Derek James Thomas Kennedy
25th May 1935 – 17th December 2015
In the last years of his life Derek knew that his memory, his once prodigious memory, was also failing and it worried and frustrated him. Perhaps in an attempt to exercise his memory, Derek began to research the family history, and spent long hours delving into the past of some very colourful ancestors.
As his condition worsened when Derek had infections or was unwell he would hallucinate. Sometimes those hallucinations were quite frightening as many of them had their basis in his prolific reading of science fiction so you could imagine some of the Dr Who style scenarios he might have been experiencing.
Derek Kennedy was an intriguing man with a sharp intelligence, a ready wit and a rich imagination. Like many of his generation his life was circumscribed by outside events but he grabbed all the opportunities presented to him and enjoyed the ride.
My father, Derek James, Thomas Kennedy, passed away on the morning of 17th December 2015, aged 80 years and 7 months, at the Royal United Hospital in Bath.
The great science fiction author Ray Bradbury once wrote:
“The important thing is not the me that’s lying here, but the me that’s sitting on the edge of the bed looking back at me, and the me that’s downstairs cooking supper, or out in the garage under the car, or in the library reading. All the new parts, they count. I’m not really dying today. No person ever died that had a family.”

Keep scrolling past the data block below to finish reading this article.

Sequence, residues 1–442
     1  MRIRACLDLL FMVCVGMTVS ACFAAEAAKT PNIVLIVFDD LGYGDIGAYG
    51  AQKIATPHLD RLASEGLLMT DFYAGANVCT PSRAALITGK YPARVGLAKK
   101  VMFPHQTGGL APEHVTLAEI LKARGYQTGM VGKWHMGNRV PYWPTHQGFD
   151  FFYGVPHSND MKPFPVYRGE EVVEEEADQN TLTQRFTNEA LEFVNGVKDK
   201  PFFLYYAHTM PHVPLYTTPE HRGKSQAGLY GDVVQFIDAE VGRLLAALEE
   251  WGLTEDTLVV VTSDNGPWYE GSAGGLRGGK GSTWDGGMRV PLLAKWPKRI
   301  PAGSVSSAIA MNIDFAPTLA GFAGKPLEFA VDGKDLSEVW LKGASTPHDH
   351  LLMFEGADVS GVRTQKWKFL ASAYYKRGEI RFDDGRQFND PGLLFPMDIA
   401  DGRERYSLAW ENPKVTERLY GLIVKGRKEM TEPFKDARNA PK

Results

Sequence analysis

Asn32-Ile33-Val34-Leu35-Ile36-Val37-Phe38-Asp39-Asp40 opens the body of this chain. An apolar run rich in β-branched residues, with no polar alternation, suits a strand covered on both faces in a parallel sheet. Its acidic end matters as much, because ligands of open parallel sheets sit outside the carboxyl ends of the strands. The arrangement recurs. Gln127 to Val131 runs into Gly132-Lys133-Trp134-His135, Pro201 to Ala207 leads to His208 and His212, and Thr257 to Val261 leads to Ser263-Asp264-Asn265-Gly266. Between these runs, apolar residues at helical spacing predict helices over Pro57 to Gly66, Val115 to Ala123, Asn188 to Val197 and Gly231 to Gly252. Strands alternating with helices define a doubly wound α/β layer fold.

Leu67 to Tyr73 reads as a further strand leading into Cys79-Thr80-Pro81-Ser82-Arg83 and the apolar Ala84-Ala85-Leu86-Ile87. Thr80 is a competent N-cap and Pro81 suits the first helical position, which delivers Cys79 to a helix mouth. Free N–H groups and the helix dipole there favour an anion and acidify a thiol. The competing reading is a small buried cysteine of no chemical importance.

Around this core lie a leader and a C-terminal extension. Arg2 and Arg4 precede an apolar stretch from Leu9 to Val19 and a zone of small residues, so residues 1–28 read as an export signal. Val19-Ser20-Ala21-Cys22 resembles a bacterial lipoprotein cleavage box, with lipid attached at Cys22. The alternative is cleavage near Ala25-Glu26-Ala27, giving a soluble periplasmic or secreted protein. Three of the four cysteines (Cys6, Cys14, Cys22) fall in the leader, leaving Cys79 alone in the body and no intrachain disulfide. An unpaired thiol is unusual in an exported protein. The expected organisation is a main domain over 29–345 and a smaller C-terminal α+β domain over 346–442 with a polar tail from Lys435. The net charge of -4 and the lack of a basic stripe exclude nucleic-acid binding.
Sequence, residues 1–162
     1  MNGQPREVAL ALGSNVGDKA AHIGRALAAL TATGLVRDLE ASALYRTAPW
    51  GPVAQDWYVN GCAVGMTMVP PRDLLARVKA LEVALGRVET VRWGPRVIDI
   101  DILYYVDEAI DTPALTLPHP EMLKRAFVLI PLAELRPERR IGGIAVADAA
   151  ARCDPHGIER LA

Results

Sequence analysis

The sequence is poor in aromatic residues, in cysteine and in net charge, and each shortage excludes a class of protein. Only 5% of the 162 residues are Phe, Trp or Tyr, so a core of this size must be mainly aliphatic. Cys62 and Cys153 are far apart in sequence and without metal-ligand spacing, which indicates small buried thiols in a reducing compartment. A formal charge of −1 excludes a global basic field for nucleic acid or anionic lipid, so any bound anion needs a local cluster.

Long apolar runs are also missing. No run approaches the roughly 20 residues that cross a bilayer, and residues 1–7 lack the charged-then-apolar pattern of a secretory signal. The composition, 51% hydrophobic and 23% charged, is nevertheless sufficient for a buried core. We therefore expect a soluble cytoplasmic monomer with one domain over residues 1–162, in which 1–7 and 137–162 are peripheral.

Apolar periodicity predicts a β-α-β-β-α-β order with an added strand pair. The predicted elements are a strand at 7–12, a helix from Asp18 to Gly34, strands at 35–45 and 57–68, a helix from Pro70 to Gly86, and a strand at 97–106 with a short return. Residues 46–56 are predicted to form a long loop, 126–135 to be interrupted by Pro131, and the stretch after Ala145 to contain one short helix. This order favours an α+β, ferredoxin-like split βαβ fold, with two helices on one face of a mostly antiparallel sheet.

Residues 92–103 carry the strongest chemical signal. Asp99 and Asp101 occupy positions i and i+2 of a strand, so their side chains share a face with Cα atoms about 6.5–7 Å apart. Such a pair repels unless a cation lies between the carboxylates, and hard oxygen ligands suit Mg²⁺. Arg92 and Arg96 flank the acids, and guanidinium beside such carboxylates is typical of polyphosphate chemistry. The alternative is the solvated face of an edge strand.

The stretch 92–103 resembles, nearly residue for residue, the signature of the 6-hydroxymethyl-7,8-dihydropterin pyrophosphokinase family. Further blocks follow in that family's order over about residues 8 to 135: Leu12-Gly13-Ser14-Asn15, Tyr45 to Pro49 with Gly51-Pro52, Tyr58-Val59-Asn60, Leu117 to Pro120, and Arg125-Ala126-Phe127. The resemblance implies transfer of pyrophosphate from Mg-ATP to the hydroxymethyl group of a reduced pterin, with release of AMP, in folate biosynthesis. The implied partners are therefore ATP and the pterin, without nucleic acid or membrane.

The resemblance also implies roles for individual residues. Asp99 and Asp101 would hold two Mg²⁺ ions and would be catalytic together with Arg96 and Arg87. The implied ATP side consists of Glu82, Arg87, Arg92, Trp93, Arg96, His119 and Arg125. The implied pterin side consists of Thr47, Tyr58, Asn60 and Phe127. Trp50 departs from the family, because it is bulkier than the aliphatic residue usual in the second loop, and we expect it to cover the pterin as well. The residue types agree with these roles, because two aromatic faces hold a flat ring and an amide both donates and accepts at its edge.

Thank you Dad. You were the greatest man I have ever known.
Brief were my days among you, and briefer still the words I have spoken.
But should my voice fade in your ears, and my love vanish in your memory, then I will come again,
And with a richer heart and lips more yielding to the spirit will I speak.
Yea, I shall return with the tide,
And though death may hide me, and the greater silence enfold me, yet again will I seek your understanding.
Taken from ‘The Prophet’ by Kahlil Gibran (1883-1931), the full version of which can be found here – this snippet is from the final section, ‘The Farewell’.
If you have read this far, thank you. Large parts of the piece you have read come from the eulogy as read at my father’s funeral by Alex Lutton, which was based on a ‘This Is Your Life’ style book created by my sister, Sara, for our father’s 80th birthday.